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Social Policies in Grenada

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SOCIAL POLICIES IN SMALL STATES SERIES



The country case studies and thematic papers in this series examine social policy issues facing small states and the implications for economic development. They show how, despite their inherent vulnerability, some small states have been successful in improving their social indicators because of the complementary social and economic policies they have implemented.



CASE STUDY – GRENADA



Grenada is a small state that has made impressive initial achievements in economic and human development since independence, especially in education and health. However, continuing unemployment and poverty, the recent erosion of trade preferences, and the changing international donor aid environment have exposed structural weaknesses in its economic model. Patsy Lewis assesses developments in social policy approaches and delivery in the postcolonial period, including the economic strategies pursued and their effects on social policy, particularly in respect of children. She looks at the challenges faced by governments and presents a brief case study of Hurricane Ivan, as an instance for exploring community and national responses, resilience and innovation.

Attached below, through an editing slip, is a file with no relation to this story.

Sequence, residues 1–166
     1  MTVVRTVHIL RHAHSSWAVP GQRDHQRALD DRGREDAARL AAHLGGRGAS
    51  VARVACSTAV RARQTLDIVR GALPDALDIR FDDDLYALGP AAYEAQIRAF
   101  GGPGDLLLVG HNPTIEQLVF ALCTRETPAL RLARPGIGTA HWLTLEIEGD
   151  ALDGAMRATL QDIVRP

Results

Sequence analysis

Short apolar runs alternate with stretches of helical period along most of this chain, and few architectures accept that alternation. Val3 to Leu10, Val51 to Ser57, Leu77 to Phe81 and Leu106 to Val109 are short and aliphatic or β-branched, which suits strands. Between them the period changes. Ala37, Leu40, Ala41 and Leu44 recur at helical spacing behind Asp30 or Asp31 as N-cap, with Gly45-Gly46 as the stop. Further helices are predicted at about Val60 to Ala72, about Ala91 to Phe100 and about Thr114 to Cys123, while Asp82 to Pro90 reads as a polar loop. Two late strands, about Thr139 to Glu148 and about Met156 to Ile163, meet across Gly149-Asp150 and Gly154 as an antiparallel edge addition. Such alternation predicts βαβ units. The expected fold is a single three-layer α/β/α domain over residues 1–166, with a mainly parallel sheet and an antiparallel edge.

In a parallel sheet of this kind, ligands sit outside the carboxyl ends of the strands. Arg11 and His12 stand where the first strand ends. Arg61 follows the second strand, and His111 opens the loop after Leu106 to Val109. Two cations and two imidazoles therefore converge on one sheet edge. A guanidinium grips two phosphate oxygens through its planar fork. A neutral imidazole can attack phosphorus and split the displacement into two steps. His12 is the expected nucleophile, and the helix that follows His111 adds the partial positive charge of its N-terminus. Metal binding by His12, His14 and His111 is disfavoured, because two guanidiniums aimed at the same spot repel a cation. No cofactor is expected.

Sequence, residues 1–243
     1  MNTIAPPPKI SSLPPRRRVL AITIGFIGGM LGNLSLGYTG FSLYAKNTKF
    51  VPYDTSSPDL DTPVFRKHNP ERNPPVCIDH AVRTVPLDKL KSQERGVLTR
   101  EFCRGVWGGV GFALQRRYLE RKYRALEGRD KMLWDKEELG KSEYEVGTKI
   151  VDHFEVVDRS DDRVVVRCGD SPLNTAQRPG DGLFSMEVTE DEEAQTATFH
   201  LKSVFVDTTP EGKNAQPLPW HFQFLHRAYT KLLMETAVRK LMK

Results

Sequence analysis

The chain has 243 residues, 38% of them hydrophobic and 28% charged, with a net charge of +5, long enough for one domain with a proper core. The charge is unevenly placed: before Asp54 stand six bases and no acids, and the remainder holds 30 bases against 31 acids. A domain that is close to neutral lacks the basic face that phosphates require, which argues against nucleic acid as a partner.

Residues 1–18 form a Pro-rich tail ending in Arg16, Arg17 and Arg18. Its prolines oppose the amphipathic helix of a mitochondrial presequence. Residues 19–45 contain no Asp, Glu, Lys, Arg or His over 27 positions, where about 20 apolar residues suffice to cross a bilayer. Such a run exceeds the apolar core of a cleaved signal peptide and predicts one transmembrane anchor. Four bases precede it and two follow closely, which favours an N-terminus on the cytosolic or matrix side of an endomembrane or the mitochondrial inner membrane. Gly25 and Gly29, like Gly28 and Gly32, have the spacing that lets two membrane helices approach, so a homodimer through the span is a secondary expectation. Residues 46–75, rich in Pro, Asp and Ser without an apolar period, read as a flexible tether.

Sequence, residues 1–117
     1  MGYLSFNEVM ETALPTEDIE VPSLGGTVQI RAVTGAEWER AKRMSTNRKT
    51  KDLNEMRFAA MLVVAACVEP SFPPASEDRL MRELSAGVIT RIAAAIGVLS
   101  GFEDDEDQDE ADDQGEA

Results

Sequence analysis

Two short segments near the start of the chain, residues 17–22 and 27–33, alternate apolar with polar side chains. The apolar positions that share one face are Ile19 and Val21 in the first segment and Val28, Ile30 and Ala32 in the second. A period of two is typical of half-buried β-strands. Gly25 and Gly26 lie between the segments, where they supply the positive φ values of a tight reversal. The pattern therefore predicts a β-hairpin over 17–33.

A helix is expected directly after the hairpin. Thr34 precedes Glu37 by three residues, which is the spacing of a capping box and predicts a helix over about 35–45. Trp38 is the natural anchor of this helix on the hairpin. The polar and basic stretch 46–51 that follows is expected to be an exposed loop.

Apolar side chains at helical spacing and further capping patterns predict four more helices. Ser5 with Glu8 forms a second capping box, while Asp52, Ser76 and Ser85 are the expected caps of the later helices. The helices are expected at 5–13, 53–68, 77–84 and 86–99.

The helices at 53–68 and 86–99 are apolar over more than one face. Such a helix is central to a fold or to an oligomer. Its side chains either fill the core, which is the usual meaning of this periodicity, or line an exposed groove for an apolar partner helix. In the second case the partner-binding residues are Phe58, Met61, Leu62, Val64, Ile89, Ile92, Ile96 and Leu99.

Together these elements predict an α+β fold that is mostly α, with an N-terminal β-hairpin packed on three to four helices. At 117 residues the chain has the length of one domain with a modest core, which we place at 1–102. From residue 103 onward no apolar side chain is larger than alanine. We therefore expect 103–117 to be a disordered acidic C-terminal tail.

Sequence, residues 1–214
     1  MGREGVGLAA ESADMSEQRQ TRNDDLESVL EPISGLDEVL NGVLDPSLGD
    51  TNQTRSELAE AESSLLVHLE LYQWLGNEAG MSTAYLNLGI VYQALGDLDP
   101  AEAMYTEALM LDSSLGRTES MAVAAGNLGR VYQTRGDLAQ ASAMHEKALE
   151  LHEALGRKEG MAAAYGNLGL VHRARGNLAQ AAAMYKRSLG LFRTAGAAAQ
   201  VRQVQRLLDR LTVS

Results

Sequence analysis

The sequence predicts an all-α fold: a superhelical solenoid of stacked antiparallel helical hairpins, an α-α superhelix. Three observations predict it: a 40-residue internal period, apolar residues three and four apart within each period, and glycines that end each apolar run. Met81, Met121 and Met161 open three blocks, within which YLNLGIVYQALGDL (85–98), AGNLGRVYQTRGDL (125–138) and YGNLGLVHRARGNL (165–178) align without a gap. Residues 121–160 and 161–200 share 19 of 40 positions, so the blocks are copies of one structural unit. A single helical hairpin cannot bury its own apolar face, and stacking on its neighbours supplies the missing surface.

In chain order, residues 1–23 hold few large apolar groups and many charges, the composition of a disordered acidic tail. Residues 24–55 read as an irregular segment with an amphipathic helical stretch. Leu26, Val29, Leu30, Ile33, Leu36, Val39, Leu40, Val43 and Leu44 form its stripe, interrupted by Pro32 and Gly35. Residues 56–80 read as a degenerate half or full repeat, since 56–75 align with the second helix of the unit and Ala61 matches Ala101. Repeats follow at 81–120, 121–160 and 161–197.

English

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Foreword

During the 1960s and 1970s, increased interest was shown by some international organisations, such as the United Nations and the Commonwealth Secretariat, in small states, notably small islands, and the development challenges they faced during the decolonisation period. The Commonwealth Secretariat, with over a third of its members classified as small economies, is committed to the study of small states. The issue of their vulnerability, for example, was first given formal expression within the Commonwealth at the 1977 Commonwealth Finance Ministers Meeting in Barbados. Having noted the special characteristics of small states – in particular their reliance on trade, high dependence on capital inflows and, in some cases, their lack of natural resources – ministers urged the international community to adopt a more flexible approach to their requirements, as well as special measures to assist them. In response, the Secretariat designed a programme to assist in overcoming ‘the disadvantages of small size, isolation and scarce resources which severely limit the capacity of such countries to achieve their development objectives or to pursue their national interests in a wider international context’.

English

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